Admitted to Dartmouth

Once a sailor, then a porter, and now an attendant to a College president, Mitchell returned to Hanover with President Brown, who died a month later. Mitchell lived in the Brown household for the next four years. He served as a lay preacher to brethren in the Hanover-Etna Baptist church and then applied to Dartmouth in 1824. The Baptist church clerk wrote in a supporting letter that Mitchell was “a person of piety and promising talent who sought an education, for which he was qualified and deserving.”

In 1824, Mitchell passed the Dartmouth faculty entrance examinations but was denied admission by the Dartmouth Board of Trustees, who averred that they did not want to offend students. Upon learning of the Trustee’s decision, Dartmouth students from all classes convened and transmitted their collective protest in a decorous letter that concluded:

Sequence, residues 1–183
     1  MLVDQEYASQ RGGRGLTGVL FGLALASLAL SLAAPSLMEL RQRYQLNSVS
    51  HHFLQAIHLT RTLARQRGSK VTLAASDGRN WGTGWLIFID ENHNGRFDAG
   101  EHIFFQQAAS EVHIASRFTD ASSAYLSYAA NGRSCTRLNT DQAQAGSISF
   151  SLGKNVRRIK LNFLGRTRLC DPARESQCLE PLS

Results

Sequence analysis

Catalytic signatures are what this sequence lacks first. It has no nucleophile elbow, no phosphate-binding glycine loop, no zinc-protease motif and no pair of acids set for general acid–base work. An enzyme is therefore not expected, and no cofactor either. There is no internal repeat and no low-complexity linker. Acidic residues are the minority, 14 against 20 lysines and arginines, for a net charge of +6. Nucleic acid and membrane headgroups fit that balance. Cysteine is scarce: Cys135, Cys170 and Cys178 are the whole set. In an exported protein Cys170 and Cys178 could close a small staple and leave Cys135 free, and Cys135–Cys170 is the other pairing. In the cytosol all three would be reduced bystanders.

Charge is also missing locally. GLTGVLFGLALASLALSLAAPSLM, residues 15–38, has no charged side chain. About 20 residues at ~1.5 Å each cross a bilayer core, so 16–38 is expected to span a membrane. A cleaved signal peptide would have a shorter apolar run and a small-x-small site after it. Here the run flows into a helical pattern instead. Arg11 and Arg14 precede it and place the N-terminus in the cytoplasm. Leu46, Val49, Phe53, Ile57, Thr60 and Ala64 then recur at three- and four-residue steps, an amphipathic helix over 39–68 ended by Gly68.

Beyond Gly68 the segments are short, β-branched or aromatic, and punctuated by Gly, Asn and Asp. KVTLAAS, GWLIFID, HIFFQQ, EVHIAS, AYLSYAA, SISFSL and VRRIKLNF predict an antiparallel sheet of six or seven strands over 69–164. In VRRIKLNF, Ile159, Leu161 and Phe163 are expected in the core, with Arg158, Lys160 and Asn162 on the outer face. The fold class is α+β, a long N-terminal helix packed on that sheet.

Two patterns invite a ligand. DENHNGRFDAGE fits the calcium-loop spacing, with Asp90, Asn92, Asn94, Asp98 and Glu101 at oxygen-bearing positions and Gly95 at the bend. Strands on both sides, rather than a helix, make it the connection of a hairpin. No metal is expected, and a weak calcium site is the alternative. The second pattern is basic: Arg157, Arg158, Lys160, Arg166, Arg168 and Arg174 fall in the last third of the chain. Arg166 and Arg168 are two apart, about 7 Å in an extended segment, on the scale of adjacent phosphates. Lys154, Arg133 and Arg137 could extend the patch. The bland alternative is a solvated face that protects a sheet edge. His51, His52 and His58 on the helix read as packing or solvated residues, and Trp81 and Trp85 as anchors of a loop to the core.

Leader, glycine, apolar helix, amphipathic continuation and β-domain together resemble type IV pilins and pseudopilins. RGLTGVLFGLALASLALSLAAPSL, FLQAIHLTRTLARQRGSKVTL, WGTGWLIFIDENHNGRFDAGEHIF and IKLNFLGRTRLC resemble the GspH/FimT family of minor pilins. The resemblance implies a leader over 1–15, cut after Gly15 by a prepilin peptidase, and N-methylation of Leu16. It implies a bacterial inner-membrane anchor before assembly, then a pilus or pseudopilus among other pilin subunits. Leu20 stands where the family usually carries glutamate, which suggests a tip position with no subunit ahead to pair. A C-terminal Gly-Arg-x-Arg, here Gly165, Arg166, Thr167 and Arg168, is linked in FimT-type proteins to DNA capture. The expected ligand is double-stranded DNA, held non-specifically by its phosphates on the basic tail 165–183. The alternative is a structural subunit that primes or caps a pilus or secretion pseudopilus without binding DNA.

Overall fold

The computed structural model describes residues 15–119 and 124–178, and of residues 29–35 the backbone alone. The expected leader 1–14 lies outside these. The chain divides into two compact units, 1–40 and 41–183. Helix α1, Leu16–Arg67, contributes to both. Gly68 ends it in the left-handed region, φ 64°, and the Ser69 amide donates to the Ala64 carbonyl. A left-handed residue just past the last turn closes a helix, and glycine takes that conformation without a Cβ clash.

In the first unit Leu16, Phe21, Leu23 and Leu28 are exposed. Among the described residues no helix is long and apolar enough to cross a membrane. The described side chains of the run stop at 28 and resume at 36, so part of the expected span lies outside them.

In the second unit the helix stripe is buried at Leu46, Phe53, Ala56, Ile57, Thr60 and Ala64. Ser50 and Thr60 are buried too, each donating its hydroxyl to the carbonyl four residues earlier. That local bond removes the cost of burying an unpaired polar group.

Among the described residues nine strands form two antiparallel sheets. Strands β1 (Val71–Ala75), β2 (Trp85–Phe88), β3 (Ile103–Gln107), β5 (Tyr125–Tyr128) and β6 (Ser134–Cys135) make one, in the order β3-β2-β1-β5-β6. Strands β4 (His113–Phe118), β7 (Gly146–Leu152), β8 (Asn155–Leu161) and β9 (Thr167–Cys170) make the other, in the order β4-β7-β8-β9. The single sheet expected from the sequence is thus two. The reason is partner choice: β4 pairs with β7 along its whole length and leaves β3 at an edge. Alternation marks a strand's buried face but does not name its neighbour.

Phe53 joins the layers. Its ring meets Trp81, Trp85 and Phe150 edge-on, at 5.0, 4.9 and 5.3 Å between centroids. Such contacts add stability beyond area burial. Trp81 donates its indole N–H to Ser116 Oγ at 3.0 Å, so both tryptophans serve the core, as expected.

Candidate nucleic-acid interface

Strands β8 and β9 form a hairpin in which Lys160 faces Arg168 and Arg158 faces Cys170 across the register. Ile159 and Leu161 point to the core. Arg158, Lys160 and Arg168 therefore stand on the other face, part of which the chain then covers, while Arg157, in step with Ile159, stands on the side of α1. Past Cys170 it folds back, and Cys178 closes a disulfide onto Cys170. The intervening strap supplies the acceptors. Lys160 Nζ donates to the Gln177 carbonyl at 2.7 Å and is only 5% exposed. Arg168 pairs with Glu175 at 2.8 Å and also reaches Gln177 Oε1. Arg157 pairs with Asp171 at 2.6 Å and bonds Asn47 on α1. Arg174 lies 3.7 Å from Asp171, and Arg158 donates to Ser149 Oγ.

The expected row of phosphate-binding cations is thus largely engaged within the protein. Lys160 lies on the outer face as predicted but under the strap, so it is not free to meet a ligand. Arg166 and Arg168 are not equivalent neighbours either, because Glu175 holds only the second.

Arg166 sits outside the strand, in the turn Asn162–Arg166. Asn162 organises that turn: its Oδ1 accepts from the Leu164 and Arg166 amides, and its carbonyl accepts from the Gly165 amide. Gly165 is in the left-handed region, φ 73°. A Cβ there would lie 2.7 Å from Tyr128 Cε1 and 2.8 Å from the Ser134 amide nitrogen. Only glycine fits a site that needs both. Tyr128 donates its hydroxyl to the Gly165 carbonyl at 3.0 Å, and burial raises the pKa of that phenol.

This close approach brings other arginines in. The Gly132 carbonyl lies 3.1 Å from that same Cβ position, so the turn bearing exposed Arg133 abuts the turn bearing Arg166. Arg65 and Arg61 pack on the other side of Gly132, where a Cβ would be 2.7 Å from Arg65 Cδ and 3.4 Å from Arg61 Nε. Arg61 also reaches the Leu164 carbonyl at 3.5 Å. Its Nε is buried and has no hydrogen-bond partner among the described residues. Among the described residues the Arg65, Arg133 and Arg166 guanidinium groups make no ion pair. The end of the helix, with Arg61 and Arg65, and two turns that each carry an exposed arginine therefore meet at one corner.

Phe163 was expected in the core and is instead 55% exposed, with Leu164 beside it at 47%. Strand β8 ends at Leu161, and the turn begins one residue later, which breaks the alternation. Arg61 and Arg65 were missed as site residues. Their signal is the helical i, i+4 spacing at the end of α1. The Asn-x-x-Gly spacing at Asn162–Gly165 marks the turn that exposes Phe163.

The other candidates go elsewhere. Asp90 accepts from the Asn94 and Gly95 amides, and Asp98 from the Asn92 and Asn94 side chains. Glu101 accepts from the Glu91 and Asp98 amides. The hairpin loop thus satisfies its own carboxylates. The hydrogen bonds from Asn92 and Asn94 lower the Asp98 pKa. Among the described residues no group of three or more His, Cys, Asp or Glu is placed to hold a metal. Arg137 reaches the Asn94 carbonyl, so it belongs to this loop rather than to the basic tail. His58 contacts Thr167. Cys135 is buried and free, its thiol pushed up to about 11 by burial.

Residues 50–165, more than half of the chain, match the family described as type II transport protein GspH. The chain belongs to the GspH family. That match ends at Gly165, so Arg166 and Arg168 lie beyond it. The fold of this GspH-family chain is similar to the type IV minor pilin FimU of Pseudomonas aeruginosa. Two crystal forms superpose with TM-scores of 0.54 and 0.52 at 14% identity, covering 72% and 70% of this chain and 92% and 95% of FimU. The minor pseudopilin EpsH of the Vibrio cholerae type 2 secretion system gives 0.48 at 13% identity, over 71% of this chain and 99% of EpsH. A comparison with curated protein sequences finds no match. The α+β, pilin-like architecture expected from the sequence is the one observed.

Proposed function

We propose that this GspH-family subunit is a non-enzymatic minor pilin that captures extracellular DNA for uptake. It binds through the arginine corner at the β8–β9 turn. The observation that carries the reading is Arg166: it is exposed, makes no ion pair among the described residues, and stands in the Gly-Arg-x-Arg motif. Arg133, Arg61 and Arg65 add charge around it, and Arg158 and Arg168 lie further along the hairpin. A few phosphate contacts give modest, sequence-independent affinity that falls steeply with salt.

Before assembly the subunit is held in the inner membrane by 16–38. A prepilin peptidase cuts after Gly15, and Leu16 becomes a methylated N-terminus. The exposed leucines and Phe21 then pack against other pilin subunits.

Far from feeling any disrespect towards him on account of his color or extraction, we think him entitled to the highest praise. We will cheerfully receive him as a companion and fellow student.

The student intercession was led by a future abolitionist spokesperson, Charles Dexter Cleveland 1827, and would be celebrated later as one of the earliest instances of Dartmouth student activism. Mitchell graduated “with honor” in 1828 to become the third self-identified man of African ancestry to graduate from a U.S. college and the first of the Ivies by four decades.

Student petition to admit Mitchell

Charles Dexter Cleveland 1827, who has been described as "relatively dark for a Caucasian," told the trustees that if skin color was a criterion for admissibility to the college, he might himself be disqualified.

Document of Edward Mitchell's standing as member of the church

Dartmouth required evidence that the applicant "sustains a good moral character." "Brother Edward Mitchel is a member in good standing in this Church and is esteemed a person of piety, and promising talents."